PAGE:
Wed, Aug 15th 2007 10:16pm
We've been following the recent rise of private electronic stock exchanges established by the major investment banks for the purpose of offering companies a place to sell stock without being subject to SEC regulations. While there seems to be interest in this model, a potential complication would arise if the various exchanges were incompatible. It would hamper liquidity if a company going "public "on Goldman's exchange, for example, was only open to investors participating on that exchange. According to Dealbook, listing firms are prodding the banks to open up their exchanges to promote liquidity. If this does happen, there's a much better chance of these markets having a significant impact. One other problem that won't be solved easily arises from an SEC rule which states that any company with more than 499 public shareholders is necessarily a public company and thus compelled to abide by the full spate of regulations. If participation is limited to a handful of large investing institutions, this might be okay, but the rule will prevent this system from getting too popular.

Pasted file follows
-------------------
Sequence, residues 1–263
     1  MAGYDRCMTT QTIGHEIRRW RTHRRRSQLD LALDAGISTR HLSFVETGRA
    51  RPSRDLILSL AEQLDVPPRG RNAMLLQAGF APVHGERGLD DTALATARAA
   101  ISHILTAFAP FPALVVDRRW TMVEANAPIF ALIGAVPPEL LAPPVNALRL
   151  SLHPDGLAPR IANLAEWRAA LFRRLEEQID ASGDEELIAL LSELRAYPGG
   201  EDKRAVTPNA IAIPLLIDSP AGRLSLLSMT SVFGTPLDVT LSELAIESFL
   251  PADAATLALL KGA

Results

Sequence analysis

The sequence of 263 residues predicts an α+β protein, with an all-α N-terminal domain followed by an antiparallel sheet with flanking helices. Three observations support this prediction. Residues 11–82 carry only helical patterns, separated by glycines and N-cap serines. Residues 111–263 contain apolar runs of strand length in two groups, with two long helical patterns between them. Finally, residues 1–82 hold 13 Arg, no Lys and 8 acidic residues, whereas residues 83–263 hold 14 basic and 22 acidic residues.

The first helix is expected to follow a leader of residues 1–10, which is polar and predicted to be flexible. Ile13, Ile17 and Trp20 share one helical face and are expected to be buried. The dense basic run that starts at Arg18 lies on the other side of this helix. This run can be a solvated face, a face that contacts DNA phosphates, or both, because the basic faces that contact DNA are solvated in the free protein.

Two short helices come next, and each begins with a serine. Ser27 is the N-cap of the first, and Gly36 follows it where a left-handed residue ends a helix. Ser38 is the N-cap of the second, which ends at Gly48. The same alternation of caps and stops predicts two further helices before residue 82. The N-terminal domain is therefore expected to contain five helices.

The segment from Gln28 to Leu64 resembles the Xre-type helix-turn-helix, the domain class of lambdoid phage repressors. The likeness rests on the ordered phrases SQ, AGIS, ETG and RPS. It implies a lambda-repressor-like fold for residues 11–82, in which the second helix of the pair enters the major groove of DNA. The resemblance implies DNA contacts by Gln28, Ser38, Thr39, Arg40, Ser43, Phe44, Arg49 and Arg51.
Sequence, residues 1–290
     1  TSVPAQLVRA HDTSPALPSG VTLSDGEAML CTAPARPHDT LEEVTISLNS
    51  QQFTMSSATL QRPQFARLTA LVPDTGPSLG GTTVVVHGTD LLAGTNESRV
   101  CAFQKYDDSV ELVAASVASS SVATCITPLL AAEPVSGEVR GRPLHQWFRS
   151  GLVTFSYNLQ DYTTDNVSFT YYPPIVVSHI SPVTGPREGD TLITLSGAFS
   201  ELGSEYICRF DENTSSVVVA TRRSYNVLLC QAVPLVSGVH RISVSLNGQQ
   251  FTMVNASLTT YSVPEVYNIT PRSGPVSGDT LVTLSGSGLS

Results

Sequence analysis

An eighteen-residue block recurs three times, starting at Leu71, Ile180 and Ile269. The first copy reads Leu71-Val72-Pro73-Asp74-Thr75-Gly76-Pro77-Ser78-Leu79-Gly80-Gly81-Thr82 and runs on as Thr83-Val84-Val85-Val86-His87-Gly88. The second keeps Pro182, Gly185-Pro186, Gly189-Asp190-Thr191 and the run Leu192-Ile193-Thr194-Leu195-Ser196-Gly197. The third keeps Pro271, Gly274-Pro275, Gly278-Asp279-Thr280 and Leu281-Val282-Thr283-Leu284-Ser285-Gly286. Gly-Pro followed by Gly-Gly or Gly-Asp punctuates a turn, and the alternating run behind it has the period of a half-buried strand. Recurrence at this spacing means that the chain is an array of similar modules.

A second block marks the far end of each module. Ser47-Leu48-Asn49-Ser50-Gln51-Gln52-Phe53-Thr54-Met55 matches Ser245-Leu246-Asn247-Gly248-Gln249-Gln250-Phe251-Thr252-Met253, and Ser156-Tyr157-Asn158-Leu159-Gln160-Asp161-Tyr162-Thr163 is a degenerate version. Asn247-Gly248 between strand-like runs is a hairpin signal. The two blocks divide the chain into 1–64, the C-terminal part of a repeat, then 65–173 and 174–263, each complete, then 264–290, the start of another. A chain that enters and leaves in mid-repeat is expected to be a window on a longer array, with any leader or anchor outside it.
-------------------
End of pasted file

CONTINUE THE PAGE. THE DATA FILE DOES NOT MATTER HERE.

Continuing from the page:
If you liked this post, you may also be interested in...
- Congress Might Actually Be Moving Forward On Fixing Outdated Email Privacy Law!
- SEC, DOJ And Law Enforcement Want To Rewrite Email Privacy Law Update... In Their Favor
- Congress Still Fighting SEC's Investigation Of Alleged Insider Trading By Its Members
- How The Federal Reserve's Own Culture Lets Wall Street Get Away With Anything
- Goldman Sachs Asks Court To Have Google Delete An Email With Client Info; Google Blocks Access To The Email